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September 2007
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What a long, strange trip

I’ve always been pretty big Doonesbury fan, and have recently found myself pulling out some of the old books of strips from the early years. And I also happened upon a Knight Lecture talk given by Garry Trudeau at Stanford University in March, 2000 titled “What a Long, Strange Strip It’s Been” — now available for free on iTunes. Quite delightful.
Here’s a little piece of it…

Given the sea change in attitudes, it seems even to me, quite incredible that I could have depicted a culture so tolerant of recreational drugs, but in fact that was our reality. That tolerance, which is now largely forgotten, is what has made the past so haunting and difficult for baby boom politicians when confronted with queries about past behaviors.
As you know, most public figures have used the budding scientist defense — the claim that they were engaged in experimentation. Thus when President Clinton finally came clean, it was only to admit that he too had been bitten by the research bug, but had been plagued by flawed methodology.
Many other public figures have used this approach, from Al Gore, to Newt Gingrich to Mustang Sally – Susan Molinari, but all of them have adhered to the confessional guidelines laid down during the Ginsburg Supreme Court hearings.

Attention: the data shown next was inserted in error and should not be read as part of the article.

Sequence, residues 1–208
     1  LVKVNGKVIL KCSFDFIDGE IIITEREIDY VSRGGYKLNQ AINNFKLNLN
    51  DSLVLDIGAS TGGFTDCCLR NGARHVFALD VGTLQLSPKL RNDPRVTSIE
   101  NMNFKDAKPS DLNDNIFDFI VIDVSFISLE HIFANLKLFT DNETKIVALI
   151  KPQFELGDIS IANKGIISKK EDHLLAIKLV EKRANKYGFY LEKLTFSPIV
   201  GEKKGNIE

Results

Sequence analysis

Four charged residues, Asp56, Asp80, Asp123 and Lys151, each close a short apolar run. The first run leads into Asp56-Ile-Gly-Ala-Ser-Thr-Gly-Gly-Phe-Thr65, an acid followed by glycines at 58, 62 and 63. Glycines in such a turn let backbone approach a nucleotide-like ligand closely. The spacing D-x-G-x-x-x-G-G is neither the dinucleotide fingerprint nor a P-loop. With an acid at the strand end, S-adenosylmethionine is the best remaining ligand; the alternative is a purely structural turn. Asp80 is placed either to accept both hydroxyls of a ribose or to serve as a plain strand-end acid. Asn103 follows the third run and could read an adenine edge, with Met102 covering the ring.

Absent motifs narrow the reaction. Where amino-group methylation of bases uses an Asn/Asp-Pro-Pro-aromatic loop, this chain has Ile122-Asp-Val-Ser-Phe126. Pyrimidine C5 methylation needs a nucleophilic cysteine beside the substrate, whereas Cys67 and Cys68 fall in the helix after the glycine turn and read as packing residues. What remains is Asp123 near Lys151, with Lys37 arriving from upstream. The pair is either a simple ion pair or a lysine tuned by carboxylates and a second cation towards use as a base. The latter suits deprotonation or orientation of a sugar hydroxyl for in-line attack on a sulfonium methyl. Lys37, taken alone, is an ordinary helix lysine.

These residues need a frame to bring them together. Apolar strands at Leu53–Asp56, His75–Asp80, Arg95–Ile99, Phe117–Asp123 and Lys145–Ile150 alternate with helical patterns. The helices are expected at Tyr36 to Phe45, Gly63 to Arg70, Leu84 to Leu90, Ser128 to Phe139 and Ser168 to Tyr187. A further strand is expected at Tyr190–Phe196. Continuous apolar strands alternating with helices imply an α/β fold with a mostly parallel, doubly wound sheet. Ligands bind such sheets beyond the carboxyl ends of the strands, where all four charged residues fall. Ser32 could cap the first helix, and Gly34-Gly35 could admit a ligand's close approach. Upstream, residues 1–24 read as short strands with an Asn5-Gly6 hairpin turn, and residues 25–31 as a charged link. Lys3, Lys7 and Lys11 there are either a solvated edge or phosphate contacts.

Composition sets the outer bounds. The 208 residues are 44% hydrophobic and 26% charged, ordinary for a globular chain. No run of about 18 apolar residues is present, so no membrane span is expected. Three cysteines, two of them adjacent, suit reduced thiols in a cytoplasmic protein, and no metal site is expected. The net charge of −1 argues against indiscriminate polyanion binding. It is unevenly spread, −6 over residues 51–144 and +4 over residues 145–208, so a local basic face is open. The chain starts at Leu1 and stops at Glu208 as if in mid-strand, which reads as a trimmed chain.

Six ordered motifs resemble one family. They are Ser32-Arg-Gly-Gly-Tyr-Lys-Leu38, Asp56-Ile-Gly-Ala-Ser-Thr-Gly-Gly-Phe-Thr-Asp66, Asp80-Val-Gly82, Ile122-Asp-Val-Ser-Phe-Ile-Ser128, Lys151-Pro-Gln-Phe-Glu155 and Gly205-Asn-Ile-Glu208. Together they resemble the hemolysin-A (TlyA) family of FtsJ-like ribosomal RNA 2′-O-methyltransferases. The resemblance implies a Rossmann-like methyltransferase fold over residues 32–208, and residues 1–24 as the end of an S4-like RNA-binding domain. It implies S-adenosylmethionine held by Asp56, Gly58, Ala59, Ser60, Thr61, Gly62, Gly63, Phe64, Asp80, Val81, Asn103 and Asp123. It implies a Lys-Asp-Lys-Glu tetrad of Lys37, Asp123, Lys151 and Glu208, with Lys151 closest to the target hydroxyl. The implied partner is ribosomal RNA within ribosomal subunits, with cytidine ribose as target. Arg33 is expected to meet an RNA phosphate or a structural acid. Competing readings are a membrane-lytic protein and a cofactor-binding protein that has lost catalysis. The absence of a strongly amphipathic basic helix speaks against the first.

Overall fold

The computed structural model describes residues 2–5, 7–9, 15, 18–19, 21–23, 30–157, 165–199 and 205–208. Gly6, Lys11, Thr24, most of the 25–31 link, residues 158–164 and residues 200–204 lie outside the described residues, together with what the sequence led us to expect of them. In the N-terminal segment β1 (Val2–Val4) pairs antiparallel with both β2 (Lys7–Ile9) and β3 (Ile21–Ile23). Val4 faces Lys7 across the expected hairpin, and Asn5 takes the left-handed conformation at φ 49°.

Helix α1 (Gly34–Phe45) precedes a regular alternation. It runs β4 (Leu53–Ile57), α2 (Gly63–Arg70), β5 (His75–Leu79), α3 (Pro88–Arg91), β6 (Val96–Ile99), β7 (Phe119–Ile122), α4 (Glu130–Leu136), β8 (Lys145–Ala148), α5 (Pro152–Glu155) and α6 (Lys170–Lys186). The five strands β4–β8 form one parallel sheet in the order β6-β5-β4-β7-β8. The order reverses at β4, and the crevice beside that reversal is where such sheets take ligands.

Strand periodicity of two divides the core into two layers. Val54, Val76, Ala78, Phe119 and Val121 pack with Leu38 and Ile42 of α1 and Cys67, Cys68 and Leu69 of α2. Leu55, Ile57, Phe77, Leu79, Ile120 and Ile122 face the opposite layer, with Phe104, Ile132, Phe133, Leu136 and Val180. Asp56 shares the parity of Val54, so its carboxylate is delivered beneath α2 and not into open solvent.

Judge Douglas Ginsburg, you may recall, conducted his experiments while he was law school professor, at which exalted station one is expected to have already concluded one’s benchwork and re-joined one’s better senses. Having forfeited the youthful indiscretion defense, Ginsburg was toast.
In contrast, Justice Clarence Thomas, another confessed lab rat, wrapped up his experiments by senior year, so he now occupies the chair that would have been occupied by Justice Souter had Judge Ginsburg completed his experiments in a more timely fashion. The irony, of course, being that Justice Souter, who didn’t conduct any experiments at all, is the only one of the three who probably could have benefitted from them. […]
How refreshing it would be to hear a baby boom Congressman step up and say “Hey, I don’t remember my Freshman year. Get over it.”
The fact is an estimated 80 million of our countrymen have used Cannabis to date. At one time such unlikely sources as Jimmy Carter, and Dan Quail, and Richard Nixon’s Marijuana Commission all favored decriminalizing the stuff, but since the early 80’s nearly 5 million people have been arrested for marijuana-related offenses.
One of the weirder outcomes of the drug war is that much of America has to behave like the criminals they technically are. They have to lie. A lot. Job applications, medical forms, insurance forms, recruitment papers, all of them are opportunities to deny “youthful indiscretion.”
So. Would I ever admit to using pot? Of course not. I never experimented with marijuana. Nor did I every drive a motorcycle, or have an alcoholic beverage until my 21st birthday, or have a sexual experience of any kind until well into my third year of marriage.
In other words, I’m a parent. […]

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